Historic U.S. artifacts have visited Utah

Published: Monday, Nov. 30 2009 12:00 a.m. MST

In February 2002 at the opening of the Salt Lake Winter Olympic Games, a rare copy of the Dunlap printing of the Declaration of Independence is displayed. The document was printed on the night of July 4, 1776, and few remain. This is the copy that was found behind a picture frame, bought for a few dollars and later sold for nearly $2 million.

Deseret News Archives

A trip through the nation's history usually requires a visit to Washington D.C., Philadelphia or Boston.

On occasion, however, history has come to Utah.

In July of 1915, tens of thousands of Utahns in Salt Lake City and Ogden flocked to railroad depots to see the Liberty Bell.

More than 30 years later, the Freedom Train, carrying priceless historic documents, made a one-day stop in Salt Lake, as thousands of Utahns lined up to see George Washington's copy of the U.S. Constitution and the manuscript copy of the Gettysburg Address. In 1975, a second Freedom Train made a five-and-a-half-day stop in Utah.

And during the 2002 Olympic Games, one of 25 surviving copies of the Declaration of Independence was on display in the state Capitol.

On each of these occasions, Deseret News photographers were on the scene, and photo researcher Ron Fox has collected many of these photos, which can now be seen on the newspaper Web site at deseretnews.com.

The Liberty Bell was in Utah for one day in 1915, arriving on a train of eight cars and accompanied by members of Philadelphia's City Council. After Salt Lake crowds had a chance to admire the artifact of America's independence, the bell arrived in Ogden where, according to a story in the July 12, 1915, Ogden Standard:

"The 'Liberty Bell' has arrived and departed, but the memory of it, doubtless, will live in the hearts of approximately 30,000 people of Ogden and northern Utah, who viewed it yesterday afternoon at the local Union depot, for the spirit that emanated from the vast throng as it passed in solid columns before the sacred relic was evidence that they were present, not through idle curiosity, but through a feeling of inborn reverence, love, loyalty and patriotism."

On March 23, 1948, the seven-car Freedom Train arrived in Utah for a one-day stay, and from 10 a.m. to 10 p.m. Utahns lined up to see original copies of the Declaration of Independence, Bill of Rights, Emancipation Proclamation and 100 other historic documents.

The March 24, 1948, Deseret News reported the arrival of the train:

"Thousands of Salt Lake children — and a sprinkling of grown-ups — waited long hours in line today for a look at the historic documents on the Freedom Train.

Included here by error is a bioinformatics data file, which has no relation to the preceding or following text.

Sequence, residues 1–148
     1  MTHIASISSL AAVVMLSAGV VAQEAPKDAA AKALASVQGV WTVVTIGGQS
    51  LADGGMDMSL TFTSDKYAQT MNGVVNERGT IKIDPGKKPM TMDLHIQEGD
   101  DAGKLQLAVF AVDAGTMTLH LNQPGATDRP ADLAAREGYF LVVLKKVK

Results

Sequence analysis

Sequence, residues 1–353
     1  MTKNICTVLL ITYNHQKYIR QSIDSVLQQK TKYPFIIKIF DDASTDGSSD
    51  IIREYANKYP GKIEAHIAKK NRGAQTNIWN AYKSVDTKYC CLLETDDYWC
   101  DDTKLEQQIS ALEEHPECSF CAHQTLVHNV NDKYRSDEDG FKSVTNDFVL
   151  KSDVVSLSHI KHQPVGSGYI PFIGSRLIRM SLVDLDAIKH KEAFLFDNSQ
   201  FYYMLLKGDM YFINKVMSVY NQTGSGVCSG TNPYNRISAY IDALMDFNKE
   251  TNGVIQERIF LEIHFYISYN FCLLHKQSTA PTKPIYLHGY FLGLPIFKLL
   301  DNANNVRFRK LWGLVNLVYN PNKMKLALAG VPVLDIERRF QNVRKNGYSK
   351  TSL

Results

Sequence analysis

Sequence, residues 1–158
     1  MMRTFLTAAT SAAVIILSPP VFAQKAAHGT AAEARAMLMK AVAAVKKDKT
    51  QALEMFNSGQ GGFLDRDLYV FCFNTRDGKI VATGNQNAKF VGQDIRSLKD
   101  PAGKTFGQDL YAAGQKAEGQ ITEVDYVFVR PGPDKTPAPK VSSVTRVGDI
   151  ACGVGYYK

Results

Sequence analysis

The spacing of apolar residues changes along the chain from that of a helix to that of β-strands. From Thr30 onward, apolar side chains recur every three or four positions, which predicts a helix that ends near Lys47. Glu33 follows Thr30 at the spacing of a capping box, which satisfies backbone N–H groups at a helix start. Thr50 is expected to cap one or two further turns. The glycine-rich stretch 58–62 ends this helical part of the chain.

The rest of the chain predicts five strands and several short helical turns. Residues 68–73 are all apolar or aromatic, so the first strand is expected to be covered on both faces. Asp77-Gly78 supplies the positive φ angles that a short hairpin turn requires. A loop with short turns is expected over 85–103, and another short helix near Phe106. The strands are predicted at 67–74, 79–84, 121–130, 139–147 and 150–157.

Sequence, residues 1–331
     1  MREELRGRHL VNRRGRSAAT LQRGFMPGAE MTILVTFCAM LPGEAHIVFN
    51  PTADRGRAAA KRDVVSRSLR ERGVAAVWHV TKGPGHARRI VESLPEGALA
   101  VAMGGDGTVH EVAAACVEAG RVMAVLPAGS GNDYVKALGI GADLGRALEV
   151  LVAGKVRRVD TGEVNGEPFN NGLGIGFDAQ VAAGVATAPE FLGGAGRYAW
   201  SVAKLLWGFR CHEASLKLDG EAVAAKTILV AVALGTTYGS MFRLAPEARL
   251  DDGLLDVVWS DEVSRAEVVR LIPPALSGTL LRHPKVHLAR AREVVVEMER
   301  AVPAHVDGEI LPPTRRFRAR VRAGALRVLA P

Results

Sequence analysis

"'It gives you a funny feeling when you really see the papers your history teachers have always talked about,' one of the children commented as she gazed in awe at the original manuscript of 'The Star-Spangled Banner.' "

A second Freedom Train visited Utah in 1975 as part of a 33,000-mile journey throughout the country in anticipation of the nation's Bicentennial celebration.

The train received an enthusiastic welcome in Salt Lake City when, according to an Oct. 25, 1975 Deseret News article, LDS Church President Spencer W. Kimball "joined United States astronauts and Russian cosmonauts Oct. 16 in a ribbon-cutting ceremony, signaling the opening of the American Freedom Train in Salt Lake City.

"During a short ceremony, President Kimball was given a color photograph of the church's display of an original copy of the Book of Mormon which is exhibited on the train. When Petr L. Spurney, president of the American Freedom Train Foundation, announced that the Book of Mormon was included among the valuable documents on the train, the huge audience gave a hearty applause," the article said.

In February and March of 2002, while Utah was hosting the world at the Olympic and Paralympic Winter Games, a rare copy of the Declaration of Independence, one of 200 printed by John Dunlap in July 1776, was on display in the state Capitol.

The display was popular with students. In a story in the Feb. 2, 2002, Deseret News, staff writer Elizabeth White wrote:

" 'To see it firsthand is exciting,' said Nick Rose, a member of a Kearns Scout group visiting the display, which sits in the Capitol Rotunda and includes video, music and other media. 'There's not a part of it that bores you.' "

e-mail: mhaddock@desnews.com

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